Increasing Productivity in the Workplace

Tips and suggestions for making your workplace more productive!

GigaBook Productivity ToolsCompanies have long wanted to know the secret behind increasing productivity in their employees.  One overwhelming notion is that not enough value is placed on happy employees. There have been several articles written on how to increase productivity in the office by implementing free food and beverage, having mandatory ‘game’ breaks, and allowing employees more flexibility. And while all of these things may increase the company culture and productivity, the bottom line is happy employees are ultimately more productive.  So, how do we help our employees be happier people?

The most common response from workers on how to increase their workplace happiness was to help them reduce their stress levels. We have uncovered a few ‘easy-to-implement’ ways that can increase productivity while decreasing an employee’s stress level.


  1. Provide Flexible Work Options

Flexible work options can be defined in many different ways, and even the slightest concession can be perceived with the greatest appreciation.  For instance, if your staff has the technology to work from home, either regularly or on predetermined days, let them.  If they are not needed in the office to perform their tasks, allow the flexibility to work remotely.  Recent Gallup research showed that employees who were able to work remotely, even a fraction of the time, were more productive and engaged. And ultimately more satisfied.

It has also been noted that the traditional 9am to 5pm workday is not always conducive to high productivity in today’s culture.  Allowing your staff the flexibility to manage their time effectively is important and shows you trust them, and that trust will be returned to you in productivity.  Giving your employees the option to start some work days early and/or late, displaying autonomy and showing that you trust them, will lead to happier employees that are more productive, and appreciative of the company culture.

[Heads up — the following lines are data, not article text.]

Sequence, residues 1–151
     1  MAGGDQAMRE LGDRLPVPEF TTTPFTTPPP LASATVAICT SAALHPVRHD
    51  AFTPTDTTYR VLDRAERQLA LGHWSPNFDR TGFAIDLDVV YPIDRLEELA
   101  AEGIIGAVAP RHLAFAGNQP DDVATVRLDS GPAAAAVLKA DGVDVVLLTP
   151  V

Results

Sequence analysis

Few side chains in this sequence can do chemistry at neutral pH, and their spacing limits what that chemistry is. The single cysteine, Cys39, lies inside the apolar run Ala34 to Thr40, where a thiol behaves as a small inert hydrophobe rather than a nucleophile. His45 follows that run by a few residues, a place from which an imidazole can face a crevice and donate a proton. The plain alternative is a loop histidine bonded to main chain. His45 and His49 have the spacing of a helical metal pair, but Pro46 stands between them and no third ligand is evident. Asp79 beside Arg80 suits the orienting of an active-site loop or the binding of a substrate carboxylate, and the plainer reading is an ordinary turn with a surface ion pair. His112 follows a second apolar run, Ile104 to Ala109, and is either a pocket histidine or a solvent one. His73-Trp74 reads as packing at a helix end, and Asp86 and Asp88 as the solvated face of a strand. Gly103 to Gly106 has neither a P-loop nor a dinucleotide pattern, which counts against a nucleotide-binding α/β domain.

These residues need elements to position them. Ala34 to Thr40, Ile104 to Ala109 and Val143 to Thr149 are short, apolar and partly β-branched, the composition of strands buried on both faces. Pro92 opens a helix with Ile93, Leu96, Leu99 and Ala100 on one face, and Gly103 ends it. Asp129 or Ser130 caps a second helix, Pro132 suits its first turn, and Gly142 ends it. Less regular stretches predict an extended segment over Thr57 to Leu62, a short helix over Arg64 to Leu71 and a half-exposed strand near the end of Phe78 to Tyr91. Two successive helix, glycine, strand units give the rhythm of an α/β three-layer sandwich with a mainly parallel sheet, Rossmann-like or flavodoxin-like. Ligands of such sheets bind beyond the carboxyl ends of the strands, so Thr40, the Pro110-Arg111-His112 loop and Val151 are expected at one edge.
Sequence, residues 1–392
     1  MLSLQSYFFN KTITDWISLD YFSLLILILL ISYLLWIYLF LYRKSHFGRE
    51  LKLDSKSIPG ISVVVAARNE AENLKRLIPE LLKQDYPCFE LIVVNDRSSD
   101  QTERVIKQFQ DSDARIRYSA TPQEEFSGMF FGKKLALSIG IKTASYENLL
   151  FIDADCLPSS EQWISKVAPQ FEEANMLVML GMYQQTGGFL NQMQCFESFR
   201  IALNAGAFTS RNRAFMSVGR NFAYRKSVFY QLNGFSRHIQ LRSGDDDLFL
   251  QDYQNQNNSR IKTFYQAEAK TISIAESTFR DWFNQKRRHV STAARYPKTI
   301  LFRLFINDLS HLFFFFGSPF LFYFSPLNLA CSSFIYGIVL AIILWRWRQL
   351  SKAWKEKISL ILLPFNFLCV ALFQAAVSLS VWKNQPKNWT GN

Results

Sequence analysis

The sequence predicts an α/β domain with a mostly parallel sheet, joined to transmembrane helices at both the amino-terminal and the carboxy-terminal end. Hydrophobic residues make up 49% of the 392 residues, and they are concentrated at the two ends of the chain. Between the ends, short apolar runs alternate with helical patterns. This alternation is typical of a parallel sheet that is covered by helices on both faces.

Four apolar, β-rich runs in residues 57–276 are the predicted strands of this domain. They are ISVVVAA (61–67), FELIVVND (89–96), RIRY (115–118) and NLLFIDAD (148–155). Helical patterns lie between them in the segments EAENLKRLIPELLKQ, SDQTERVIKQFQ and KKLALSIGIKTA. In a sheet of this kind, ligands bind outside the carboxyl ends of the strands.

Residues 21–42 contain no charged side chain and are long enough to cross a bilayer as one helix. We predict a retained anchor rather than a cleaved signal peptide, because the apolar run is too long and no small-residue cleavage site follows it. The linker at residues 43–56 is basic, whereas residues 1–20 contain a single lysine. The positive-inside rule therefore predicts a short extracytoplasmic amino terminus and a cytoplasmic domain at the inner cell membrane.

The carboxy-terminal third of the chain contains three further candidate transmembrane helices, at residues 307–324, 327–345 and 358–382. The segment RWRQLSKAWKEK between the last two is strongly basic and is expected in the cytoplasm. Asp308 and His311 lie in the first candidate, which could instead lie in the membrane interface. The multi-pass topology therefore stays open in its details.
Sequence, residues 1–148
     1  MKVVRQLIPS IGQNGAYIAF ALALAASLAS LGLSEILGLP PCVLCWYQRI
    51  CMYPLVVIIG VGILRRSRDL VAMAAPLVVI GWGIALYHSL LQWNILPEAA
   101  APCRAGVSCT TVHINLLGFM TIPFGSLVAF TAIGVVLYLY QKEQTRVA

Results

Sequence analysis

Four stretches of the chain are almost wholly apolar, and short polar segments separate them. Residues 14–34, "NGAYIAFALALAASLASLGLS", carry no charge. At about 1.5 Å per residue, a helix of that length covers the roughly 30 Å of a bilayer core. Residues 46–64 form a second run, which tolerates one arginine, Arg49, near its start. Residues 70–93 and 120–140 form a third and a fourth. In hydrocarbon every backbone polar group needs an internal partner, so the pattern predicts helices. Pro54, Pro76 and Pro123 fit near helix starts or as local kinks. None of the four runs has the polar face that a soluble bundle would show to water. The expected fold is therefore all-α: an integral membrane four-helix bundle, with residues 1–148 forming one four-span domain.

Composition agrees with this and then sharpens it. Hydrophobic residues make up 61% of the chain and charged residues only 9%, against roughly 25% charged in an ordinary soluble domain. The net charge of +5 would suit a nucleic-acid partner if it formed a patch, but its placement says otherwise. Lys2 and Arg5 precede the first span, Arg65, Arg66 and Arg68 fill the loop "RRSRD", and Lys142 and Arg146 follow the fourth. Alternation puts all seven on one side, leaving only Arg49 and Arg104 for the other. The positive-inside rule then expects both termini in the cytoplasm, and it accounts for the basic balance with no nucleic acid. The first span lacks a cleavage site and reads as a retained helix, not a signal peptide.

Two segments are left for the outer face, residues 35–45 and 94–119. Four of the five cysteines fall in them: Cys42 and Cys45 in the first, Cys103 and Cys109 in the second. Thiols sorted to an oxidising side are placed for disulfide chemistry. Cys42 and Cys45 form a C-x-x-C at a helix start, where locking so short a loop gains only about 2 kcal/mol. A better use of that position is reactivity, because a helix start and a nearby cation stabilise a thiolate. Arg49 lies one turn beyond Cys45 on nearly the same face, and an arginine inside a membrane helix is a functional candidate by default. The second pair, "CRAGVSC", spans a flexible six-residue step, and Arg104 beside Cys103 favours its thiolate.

1. Encourage Breaks to Celebrate Non-Work Related Events

I like to call these ‘acts of being human’.  We all have a birthday so acknowledging it in the office is not a waste of time.  It can actually be very uplifting, and not just for the employee who is being celebrated, but for the included staff.  Sharing in life’s events shows your staff that you are human and that you care about more than the bottom line.  Embracing in the fact that each of your employees has another side to them outside of the office makes them more likely to see you in the same way, making them more willing to help when you ask. Celebrate being human as often as you celebrate office victories and quarterly returns.  Showing your staff that you are not only focused on the company returns will increase morale and gratitude, further increasing productivity.  A sense of belonging makes everyone happy.